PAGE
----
WASTE-to-nutrient pioneer AgriProtein has partnered with international engineering group Christof Industries to build up to 25 fly farms a year up-cycling organic waste into insect protein for animal feeds.
Using a high-tech blueprint developed with Christof Industries, AgriProtein plans to roll out 100 factories by 2024 and a further 100 by 2027 (200 in total). The $10 million partnership will help bring insect protein into the mainstream of feeds used in aquaculture, poultry farming and petfood.
AgriProtein rears fly larvae at an industrial scale on organic waste that would otherwise go to landfill and harvests the larvae to make natural, high-protein feed products as a sustainable alternative to fishmeal and soybean meal.
Said CEO Jason Drew: “Waste-to-nutrient technology is starting to get traction and price per ton is key in the fight to replace fishmeal. Christof’s expertise has enabled us to boost output and reduce costs, making us even more competitive and giving us a sound model for rapid global expansion.”
Christof Industries will deliver the factories on a turnkey basis as AgriProtein’s Engineering, Procurement & Construction (EPC) partner. The fly farms will be operated by local licensees of AgriProtein technology in Asia, the Middle East, Europe and the Americas.
The contract follows Christof Industries’ upgrade of AgriProtein’s industrial plant in Cape Town, in which it enhanced existing automation to more than double waste-processing capability. AgriProtein is now able to up-cycle up to 91,000 tons of organic waste a year to produce up to 7,000 tons of insect meal and oil.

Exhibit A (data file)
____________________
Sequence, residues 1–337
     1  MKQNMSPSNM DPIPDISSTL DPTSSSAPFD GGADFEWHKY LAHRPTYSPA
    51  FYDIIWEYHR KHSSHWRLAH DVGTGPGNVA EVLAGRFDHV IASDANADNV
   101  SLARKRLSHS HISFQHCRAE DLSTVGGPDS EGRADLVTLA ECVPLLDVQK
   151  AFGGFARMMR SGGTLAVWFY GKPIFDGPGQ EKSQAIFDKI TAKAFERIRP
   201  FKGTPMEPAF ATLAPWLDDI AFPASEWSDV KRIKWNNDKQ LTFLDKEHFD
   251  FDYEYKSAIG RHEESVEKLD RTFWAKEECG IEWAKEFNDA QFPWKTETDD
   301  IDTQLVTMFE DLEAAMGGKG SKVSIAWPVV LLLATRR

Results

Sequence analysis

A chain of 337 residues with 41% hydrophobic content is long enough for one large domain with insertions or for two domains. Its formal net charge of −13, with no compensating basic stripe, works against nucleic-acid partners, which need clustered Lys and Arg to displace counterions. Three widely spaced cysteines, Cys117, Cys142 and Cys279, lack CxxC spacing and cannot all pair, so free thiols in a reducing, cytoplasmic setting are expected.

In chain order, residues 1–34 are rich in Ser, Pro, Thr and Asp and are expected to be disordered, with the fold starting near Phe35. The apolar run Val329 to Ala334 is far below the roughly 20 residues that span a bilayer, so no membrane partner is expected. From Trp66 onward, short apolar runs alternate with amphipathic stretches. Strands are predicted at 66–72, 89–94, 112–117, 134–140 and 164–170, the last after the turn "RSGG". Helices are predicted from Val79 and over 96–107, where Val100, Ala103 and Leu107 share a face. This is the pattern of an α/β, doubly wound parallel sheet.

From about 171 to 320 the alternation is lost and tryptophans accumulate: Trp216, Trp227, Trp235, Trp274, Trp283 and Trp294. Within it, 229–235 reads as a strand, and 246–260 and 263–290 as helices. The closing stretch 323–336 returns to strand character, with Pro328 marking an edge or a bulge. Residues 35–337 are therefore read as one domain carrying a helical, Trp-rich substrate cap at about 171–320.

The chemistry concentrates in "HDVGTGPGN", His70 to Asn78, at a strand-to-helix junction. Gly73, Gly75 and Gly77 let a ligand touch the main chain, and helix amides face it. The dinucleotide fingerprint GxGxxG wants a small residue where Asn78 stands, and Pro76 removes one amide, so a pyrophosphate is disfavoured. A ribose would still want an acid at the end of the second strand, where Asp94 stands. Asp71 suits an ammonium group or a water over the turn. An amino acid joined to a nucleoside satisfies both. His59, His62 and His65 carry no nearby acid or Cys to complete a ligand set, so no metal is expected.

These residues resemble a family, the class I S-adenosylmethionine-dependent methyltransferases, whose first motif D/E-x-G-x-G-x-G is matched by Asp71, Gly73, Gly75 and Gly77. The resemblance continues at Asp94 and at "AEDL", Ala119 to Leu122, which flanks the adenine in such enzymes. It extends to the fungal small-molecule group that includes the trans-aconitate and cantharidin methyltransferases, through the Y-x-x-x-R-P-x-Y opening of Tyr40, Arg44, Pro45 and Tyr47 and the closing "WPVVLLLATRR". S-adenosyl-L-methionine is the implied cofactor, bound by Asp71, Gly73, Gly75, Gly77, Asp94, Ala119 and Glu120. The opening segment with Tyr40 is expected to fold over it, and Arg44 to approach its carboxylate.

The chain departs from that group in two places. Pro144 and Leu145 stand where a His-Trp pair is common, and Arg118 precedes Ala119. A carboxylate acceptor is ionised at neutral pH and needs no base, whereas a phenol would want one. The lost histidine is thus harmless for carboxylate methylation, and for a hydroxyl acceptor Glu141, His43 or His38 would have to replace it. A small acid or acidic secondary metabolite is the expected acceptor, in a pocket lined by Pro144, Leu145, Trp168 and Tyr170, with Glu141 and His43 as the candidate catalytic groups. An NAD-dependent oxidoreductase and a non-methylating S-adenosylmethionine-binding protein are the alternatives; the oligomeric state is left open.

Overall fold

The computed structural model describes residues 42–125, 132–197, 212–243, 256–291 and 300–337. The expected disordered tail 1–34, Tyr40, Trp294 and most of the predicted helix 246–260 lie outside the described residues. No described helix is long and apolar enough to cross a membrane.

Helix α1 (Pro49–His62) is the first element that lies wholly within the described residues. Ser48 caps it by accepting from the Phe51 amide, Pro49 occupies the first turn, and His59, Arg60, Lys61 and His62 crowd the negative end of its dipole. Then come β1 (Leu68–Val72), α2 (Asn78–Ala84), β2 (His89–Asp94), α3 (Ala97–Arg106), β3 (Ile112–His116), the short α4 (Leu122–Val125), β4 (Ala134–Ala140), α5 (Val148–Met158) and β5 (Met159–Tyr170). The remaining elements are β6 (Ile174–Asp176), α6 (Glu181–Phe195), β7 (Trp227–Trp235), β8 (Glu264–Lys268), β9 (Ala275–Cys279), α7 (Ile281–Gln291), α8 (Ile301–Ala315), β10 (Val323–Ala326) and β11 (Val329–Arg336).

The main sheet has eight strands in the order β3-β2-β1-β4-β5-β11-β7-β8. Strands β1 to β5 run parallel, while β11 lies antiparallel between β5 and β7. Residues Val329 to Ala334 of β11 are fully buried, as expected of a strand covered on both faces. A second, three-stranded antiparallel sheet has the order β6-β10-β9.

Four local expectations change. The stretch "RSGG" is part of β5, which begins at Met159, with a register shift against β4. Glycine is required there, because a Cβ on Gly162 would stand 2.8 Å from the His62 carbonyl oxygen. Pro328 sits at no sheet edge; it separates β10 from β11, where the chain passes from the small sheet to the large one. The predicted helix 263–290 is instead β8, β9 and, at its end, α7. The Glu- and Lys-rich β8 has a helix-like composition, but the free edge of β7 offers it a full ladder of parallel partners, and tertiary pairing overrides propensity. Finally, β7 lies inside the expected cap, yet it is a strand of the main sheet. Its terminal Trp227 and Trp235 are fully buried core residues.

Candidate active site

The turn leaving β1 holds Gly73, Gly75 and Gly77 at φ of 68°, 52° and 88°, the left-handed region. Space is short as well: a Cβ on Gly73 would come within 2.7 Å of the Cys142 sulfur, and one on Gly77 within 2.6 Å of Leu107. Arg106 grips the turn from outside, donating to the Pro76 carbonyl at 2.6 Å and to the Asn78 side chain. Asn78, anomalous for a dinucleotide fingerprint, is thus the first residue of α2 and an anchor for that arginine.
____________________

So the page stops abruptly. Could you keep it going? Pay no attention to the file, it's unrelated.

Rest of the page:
Said CEO Johann Christof: “We now have an EPC model to deliver cost-efficient, high-volume fly farms anywhere in the world. The demand for sustainable insect protein is growing rapidly and as AgriProtein’s partner we will help meet that demand.”
AgriProtein’s industrially-scalable solution to the depletion of fish stocks in the Indian Ocean was a key success factor in winning an AUD 450,000 award in the Australian government’s Blue Economy Challenge in November 2016. And its contribution towards reducing waste to landfill won the company a place in the Global Cleantech 100 list announced last month.
Jason Drew added: “Our mission is to find a better way to feed the world. Replacing fishmeal with insect meal in animal feed allows the oceans to heal and reduces greenhouse gases at every stage of the chain from point-of-catch to point-of-sale. It also helps solve the food security challenge and tackle the waste crisis. But we need to move quickly, because the world is running out of fish.
With increasing consumer demand for fish and poultry, the FAO has predicted demand for fishmeal will outpace supply by 5 million tons by 2024.” Bred on an industrial scale, larvae of the Black Soldier Fly are processed to produce MagMeal (55% protein, 100% sustainable natural organic animal feed) and MagOil (versatile, natural, omega-rich oil for use in feeds).
The by-product MagSoil is a high-quality compost for use in farming and horticulture. Using its armada of 8.5 billion flies, a standard fly farm will take in 250 tons of organic waste per day and produce nearly 5,000 tons of MagMeal and 2,000 tons of MagOil per year.
Peter Graham is an Authorised Representative (No.335948) of Harvey Digby Pty Ltd, a Corporate Authorised Representative (CAR 335931) of Sequoia Wealth Management Pty Ltd (ACN 002 314 310, AFSL 472387. Sequoia Wealth Management Pty Ltd is a subsidiary of Sequoia Financial Group Limited (ACN 091 744 884). Peter Graham is the author of Fuzzynomics newsletter. His views do not necessarily reflect the views of Sequoia Financial Group Ltd. This publication is intended to provide general advice only, and has been prepared without taking account of your objectives, financial situation or needs and therefore before acting on any information contained in this publication you should consider its appropriateness having regard to your objectives, financial situation and needs.